The opening game of the year has not always been kind to Plymouth State, as the Panthers are just 13-17-3 in the first game of the season. There were seven straight season-opening wins from 1994-2000 to make the opening-day record respectable. Plymouth State has fared much better in home openers, going 21-10-2 in the Currier Field debut. The Panthers were 8-2 in the first home game in the ‘80s and 9-1 in the ‘90s but have dropped their last three Currier Field openers. Overall, Plymouth State has an all-time home record of 118-41-3 for a sparkling .738 winning percentage.
2003 Plymouth State Football Preview
The Panthers have more than 20 players returning who have seen significant playing time over the last two seasons, including the FFC championship campaign of 2001. Castonia hopes to blend the experience of the veterans and the enthusiasm of the newcomers with his own formula.
“Ideally we will have a good balance between offense, defense and special teams,” says Castonia. “There’s just a lot of question marks for us entering the season, and we may have to adjust as time goes on. With a new system and new coaching staff, there’s going to be a period of transition for everyone, but I’ve been encouraged so far with the response from the returning players.”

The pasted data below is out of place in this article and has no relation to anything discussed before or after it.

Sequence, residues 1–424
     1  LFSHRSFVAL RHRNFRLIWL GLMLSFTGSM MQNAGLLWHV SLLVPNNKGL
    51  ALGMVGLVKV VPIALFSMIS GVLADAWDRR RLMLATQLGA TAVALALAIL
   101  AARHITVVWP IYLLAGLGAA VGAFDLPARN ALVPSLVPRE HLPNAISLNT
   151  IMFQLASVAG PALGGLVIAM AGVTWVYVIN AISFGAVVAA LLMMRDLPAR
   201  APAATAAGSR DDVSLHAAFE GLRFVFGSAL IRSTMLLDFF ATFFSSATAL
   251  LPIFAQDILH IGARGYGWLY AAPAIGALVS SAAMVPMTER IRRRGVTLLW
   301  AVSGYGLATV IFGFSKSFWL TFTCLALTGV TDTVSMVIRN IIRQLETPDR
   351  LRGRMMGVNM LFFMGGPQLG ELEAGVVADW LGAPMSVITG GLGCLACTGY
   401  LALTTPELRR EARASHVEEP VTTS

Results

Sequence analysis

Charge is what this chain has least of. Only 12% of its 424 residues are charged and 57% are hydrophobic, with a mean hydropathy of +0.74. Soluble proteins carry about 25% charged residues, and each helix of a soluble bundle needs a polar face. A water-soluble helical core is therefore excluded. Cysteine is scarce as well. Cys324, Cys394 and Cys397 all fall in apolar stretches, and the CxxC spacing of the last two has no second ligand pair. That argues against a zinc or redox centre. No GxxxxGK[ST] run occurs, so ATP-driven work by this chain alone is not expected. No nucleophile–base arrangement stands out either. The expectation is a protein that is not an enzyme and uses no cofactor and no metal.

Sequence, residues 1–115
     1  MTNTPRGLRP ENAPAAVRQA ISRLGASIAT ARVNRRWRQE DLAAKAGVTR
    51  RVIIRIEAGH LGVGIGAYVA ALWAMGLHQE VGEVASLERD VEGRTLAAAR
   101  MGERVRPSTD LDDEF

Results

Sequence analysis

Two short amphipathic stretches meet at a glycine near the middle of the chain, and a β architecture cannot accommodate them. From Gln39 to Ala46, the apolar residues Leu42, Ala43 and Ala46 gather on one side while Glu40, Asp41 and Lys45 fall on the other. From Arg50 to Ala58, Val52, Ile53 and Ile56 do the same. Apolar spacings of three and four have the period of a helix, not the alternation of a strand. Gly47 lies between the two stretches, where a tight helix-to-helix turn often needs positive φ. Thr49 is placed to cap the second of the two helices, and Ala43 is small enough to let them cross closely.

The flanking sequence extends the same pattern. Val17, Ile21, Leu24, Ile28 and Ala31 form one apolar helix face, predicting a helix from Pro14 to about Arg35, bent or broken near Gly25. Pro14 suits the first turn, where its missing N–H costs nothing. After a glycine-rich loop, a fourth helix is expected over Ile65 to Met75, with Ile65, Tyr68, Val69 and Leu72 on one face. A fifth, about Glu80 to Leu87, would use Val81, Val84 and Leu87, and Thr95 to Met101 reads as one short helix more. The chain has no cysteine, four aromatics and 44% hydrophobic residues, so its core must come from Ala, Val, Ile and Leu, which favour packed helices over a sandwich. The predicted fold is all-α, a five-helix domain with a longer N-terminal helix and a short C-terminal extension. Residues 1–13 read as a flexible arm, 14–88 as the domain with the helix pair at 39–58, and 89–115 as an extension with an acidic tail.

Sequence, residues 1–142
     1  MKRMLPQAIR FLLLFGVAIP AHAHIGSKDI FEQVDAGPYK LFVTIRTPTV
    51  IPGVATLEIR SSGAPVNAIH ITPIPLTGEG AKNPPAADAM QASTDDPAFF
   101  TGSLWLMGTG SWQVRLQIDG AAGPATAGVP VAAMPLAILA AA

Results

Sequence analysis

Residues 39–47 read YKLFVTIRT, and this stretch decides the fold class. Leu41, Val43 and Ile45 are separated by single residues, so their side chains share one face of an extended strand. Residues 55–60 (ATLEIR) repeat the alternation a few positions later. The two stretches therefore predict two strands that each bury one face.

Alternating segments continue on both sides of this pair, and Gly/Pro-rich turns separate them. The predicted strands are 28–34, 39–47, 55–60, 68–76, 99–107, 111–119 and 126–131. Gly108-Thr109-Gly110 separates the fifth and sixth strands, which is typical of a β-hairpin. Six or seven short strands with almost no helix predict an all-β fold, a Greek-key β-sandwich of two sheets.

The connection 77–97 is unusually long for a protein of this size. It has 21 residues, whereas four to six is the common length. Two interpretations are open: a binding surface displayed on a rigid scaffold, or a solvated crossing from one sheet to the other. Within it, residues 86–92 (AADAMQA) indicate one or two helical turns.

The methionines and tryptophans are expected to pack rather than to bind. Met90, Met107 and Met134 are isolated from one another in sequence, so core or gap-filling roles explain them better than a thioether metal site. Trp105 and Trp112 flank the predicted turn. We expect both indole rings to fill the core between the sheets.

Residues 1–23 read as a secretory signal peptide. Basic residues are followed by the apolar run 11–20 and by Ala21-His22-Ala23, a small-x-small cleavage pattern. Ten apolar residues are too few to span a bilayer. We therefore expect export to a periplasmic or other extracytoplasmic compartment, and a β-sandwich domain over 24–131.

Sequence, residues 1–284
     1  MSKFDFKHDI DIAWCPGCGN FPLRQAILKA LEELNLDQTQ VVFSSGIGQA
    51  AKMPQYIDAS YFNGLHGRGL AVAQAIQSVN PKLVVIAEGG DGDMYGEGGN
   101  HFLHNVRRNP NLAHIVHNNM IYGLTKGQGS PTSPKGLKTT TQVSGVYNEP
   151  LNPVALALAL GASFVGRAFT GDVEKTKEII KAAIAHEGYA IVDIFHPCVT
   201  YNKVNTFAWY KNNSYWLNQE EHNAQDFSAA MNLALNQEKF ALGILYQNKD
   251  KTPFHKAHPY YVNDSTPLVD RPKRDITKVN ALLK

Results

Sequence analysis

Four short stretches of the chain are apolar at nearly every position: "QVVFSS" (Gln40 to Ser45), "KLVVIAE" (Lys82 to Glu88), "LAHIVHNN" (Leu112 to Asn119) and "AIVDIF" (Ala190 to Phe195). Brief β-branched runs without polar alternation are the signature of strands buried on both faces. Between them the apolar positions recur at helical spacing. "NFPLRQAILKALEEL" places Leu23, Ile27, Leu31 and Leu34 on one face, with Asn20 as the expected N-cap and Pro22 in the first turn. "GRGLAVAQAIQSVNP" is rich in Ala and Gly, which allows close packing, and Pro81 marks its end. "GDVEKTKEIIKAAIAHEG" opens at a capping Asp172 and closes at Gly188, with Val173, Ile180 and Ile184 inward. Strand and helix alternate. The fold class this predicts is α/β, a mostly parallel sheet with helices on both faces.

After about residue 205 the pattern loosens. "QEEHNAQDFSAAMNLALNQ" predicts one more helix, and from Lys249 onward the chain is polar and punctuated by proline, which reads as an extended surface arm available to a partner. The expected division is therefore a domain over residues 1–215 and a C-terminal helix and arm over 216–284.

The offense is looking for a new signal-caller to emerge after the loss of four-year starter Matt Simpson, who threw for 6,538 yards and 48 touchdowns. The top returnee is senior Ryan Diamond (Plymouth, N.H.), a part-time starter the past two years who has completed over 50 percent of his passes (38-of-68, 508 yards, 6 TD, 4 INT) and also rushed for 268 yards and three TDs.
Senior Jay Zinis (Manchester, N.H./West), leads the group of returning receivers. He was second on the team last year with 31 receptions for 493 yards (15.9 avg.) and one of the FFC leaders with six touchdown catches. Seniors Harold Roy (East Boston, Mass.) and Matt Coddaire (Chelmsford, Mass.) could also figure into PSU’s receiving plans.